Reading Zettel’s Traum: Week 20, pp. 201-220

Etym-analysis of “cypress” is followed by a more general examination of bushes, shrubbery and trees in Poe’s works.  Three types of etyms are distinguished: universal, which are common to the whole humankind;  generational, which are bound to a particular time-period, and individual, unique to each person. The etyms belonging to the latter type are considered the most toxic and the most difficult to recognise.

Some of the specific trees that are discussed are the willow, the tamarind, and the sycamore. Pagenstecher also touches upon the motif of bleeding and talking trees in the works by Virgil, Tasso, and Spencer, which adds an element of luridness to the discussion. In Book III of The Aeneid, when Aeneas starts tearing at the branches of a tree, he sees blood and hears the voice of Polydorus, the son of Priam killed by the Thracian king. In Book XIII of Jerusalem Delivered, when Tancred stabs a tree in an enchanted forest, the wounded tree starts talking, and the hero realises that it contains the spirit of his lover Clorinda. In Spencer’s The Faerie Queene, the Redcrosse Knight breaks off a branch of a tree that also begins dripping blood and speaking in a human voice, revealing itself to be a young knight called Fradubio who, along with his wife Fraelissa, fell prey to the spells of an evil witch.

Pagenstecher briefly looks at E.T.A. Hoffman’s last novel Master Flea with its rich botanical symbolism. Wilma and Franziska regain their human form and step out of the undergrowth to join the conversation whose next big topic is the relation between trees and voyeurism. The main trigger of the ensuing discussion is the description of the pear tree in Landor’s Cottage.  The said tree grows near the cottage and is an ideal vantage point for spying  should one fancy climbing  it to find out what is going on inside the house. Referring to the fact that the Latin for “pear” is “pirus”, Daniel comes up with the etym “peer-tree” or, in other words, a tree for spying. The voyeur’s recourse to trees or bushes for concealment is a wide-spread phenomenon. A typical example is the main character of  Joseph von Eichendorff’s Memoirs of a Good-for-Nothing spying on the girl he is in love with:

Right in front of the palace, just below the windows of my lovely lady’s room, stood a flowering shrub. Here I used to conceal myself each morning, looking up from between the branches, for I was afraid to show myself openly. And each day I watched her appear at the open window in her snow-white robe, still flushed and not yet fully awake.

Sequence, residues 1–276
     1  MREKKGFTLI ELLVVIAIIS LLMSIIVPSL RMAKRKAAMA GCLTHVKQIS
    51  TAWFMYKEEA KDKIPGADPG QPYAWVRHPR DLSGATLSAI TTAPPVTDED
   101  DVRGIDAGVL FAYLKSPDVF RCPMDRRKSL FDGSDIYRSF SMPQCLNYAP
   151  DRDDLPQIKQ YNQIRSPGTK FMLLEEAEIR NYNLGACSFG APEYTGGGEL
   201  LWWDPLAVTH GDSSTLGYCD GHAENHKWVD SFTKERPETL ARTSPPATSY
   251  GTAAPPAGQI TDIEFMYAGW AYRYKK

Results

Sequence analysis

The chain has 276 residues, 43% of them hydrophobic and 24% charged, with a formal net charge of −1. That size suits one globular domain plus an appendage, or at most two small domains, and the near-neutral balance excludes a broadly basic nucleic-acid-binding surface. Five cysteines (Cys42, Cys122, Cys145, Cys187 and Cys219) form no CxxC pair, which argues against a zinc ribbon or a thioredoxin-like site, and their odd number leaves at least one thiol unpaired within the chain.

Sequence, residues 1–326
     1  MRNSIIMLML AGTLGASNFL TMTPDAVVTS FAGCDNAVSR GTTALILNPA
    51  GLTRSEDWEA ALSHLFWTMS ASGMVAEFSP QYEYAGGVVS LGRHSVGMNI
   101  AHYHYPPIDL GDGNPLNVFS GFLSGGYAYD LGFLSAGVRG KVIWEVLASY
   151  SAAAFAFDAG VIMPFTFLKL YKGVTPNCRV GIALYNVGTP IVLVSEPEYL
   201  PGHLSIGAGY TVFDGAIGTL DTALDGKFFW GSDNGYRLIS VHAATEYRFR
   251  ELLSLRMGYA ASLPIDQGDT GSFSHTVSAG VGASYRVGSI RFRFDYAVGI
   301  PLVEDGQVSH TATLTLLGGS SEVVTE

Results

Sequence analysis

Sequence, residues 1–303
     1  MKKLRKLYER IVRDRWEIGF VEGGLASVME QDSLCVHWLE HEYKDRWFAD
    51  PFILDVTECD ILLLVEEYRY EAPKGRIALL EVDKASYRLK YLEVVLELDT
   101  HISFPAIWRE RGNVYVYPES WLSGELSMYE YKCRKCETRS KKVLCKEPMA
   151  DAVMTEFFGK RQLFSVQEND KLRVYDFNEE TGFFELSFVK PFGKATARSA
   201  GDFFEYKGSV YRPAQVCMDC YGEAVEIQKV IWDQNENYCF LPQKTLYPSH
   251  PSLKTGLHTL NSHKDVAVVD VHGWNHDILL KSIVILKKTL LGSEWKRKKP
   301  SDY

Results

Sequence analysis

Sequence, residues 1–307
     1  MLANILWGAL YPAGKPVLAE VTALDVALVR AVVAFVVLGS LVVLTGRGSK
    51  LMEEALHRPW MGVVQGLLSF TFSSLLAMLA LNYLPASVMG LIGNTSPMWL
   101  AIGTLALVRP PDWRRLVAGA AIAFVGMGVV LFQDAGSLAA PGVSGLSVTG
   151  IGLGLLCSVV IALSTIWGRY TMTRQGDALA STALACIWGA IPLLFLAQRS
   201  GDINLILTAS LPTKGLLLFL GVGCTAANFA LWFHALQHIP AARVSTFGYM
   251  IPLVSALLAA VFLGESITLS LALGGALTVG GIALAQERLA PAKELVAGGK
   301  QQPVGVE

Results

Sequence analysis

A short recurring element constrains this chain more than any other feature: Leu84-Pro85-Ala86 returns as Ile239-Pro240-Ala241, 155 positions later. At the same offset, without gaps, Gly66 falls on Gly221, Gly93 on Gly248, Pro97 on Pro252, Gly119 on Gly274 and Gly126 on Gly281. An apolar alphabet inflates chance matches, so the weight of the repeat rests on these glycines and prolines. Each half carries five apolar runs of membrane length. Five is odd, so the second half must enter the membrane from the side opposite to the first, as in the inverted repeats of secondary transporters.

When the conversation returns to Landor’s Cottage, Pagenstecher methodically etym-analyses the names of the four bird species singing in wicker cages suspended from the “fantastic pear-tree”: the mocking bird, the oriole, the bobolink, and the canary.

Upon Wilma’s suggestion, the company breaks up into two parties that go mushroom-picking. Wilma goes together with Paul, and Pagenstecher with Franziska. We follow the latter pair, and it is obvious that there is sexual tension between the two. When Franziska puts her hand on the older man’s  elbow, he experiences a “little happy torment”. Their flirting and bantering is, of course, replete with play on words, which is more than often downright obscene. For example, when Daniel tells Franziska to listen more carefully, the trite expression “Sperr mal die Ohren auf!” (literally: “open up the ears”) comes out as “Sperma die Ohrn auf“. The seemingly innocent sentence “she had today more tricks than back in the days” brings to mind the registered prostitute of ancient Rome (i.e. “meretrix”) “Sie hatte heute Mehr=Thrix als damals”. Pagenstecher is very frank, if jokingly self-deprecating, about what is going on, telling Franziska at some point that although it is very kind of her to flirt with him, he is nothing but another “living corpse” (Lebnder Leichnam), and  that if she really would like to derive some benefit from him, she should talk with him about literature.

As they continue chatting and looking for mushrooms, suddenly, Franziska experiences a strong feeling of déjà vu: she thinks she has already been to that place and has already seen the juniper tree before her. She tells Pagenstecher about this, and he confirms Franziska’s suspicions reminding her that she was a guest at his house eight years before. Her parents went to Scotland and left their daughter with him. She remembers that much, but somehow she has completely forgotten the juniper tree and that particular place which, as it turns out, she visited with him as a child.  They start recollecting more details of that stay, especially all the games they played, as, in Daniel’s words, most of the time he performed the duty of the majordomo of her toy world. It is left for the reader to wonder how Franziska’s parents could hand over their eight-year daughter to that creep.

to be continued

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